Eric Corbett, Daniela Rosner, Alex Taylor, Mikael Wiberg
The notion of "spatial" means relating to, occupying, or having the character of space. While the spatial dimensions of urban environments have always been subject to rapid reconfiguration, the extent to which digital technology can now drive spatial change is worth noting. Consider Burger King (Home of the Whopper), which recently revealed designs for restaurants that would be 100 percent touchless and 60 percent smaller than traditional restaurants. "Burger Kings of Tomorrow" will be able to deliver food straight from the kitchen to digital-coded pickup lockers mounted on the outside of the buildings. Perhaps the most novel of the designs is the "suspended kitchen," where the kitchen is built over the drive-through lanes (ideal for urban spaces). The suspended kitchen will allow customers to order from QR code menus and then have their food delivered to them from above via a conveyor belt system. Digital technologies no longer just bridge distances or occupy space. More radically, these technologies can potentially, and literally, reconfigure the grounds and the logics of our everyday lives.
What does it mean for digital infrastructure to transform the basic patterns of urban life, from food security to housing? How do place-based tools for payment, reviewing, mapping, and mutual aid shape existing experiences of displacement, segregation, and cultural resilience? Like digital burger lockers and suspended kitchens, the examples in this issue explore these questions. They look at the influx of social media with existing social infrastructure; they explore the role of digital tools in urban racial formations; and they chart the trade-offs of digital augmentation, place-based tracking, and digital repossession. But they also animate a claim HCI scholar Paul Dourish made almost 20 years ago: Introducing technology into spaces (in this case, the city) does not simply create new opportunities for sociality; rather, it transforms the opportunities for understanding the structure of those spaces.
What does it mean for digital infrastructure to transform the basic patterns of urban life, from food security to housing?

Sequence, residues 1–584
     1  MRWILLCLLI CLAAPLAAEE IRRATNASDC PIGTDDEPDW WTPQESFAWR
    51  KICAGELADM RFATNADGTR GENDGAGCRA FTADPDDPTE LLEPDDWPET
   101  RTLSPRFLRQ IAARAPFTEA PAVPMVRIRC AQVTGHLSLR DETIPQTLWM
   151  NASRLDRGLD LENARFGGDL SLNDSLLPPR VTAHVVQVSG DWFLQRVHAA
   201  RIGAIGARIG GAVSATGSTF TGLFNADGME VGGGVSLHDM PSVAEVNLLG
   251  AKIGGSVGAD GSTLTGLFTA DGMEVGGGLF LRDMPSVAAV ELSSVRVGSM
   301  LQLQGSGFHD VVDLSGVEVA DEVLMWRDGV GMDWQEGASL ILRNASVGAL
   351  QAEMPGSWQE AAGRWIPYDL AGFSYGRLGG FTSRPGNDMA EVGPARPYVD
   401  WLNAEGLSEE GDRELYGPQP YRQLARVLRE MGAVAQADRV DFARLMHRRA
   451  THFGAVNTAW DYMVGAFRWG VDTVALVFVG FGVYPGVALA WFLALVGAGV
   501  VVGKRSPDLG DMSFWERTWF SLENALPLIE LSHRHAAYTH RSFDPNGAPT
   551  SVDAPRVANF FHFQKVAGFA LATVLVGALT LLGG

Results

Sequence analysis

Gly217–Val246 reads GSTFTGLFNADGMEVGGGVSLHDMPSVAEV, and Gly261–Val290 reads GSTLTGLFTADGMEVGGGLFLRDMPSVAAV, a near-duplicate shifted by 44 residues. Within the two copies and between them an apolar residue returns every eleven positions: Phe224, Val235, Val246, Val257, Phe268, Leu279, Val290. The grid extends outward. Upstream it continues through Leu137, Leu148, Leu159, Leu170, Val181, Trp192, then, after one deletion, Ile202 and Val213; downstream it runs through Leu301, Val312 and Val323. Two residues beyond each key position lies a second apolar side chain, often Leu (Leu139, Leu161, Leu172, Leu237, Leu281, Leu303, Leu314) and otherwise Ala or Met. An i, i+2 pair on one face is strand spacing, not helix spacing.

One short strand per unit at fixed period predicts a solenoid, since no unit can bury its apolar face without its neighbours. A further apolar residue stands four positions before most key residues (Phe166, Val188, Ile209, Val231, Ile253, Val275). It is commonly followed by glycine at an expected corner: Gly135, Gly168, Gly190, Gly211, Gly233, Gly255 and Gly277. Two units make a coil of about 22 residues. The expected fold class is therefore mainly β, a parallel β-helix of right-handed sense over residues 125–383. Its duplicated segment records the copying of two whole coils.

This issue of Interactions explores and critiques these technologically mediated transformations of city space. Graham Dove introduces novel machine learning techniques to enable urban residents to interact with sound, specifically noise pollution. Yanni Loukissas's hybrid mapmaking tools create new opportunities for reimagining relationships and histories of urban space. In dialogue with Eric Corbett, legal scholar of AI fairness and accountability Rashida Richardson anchors these provocations in an insightful analysis of how modern AI technologies can mediate segregation.
Together these contributions bring a rich reading of urban digital developments to everyday spaces—complicating a pervasive naturalization of social divisions, diversions, and absences. When designers and technologists approach today's cities, they require more than a problem-solving intuition. They need new frameworks for understanding the spatial as always tied to community, for grappling with competing interests and timelines, and for elevating the needs of those who have worked the hardest to maintain what they have all along. To grasp the changes and challenges of digital urbanism is not to believe in a technological promise—for example, the faster, denser, cleaner, safer suspended kitchen. It is to place those promises on a longer trajectory where an equitable footprint (social, environmental, infrastructural) might someday come to matter.
Eric Corbett (guest editor) firstname.lastname@example.org
Daniela Rosner, Alex Taylor, Mikael Wiberg email@example.com
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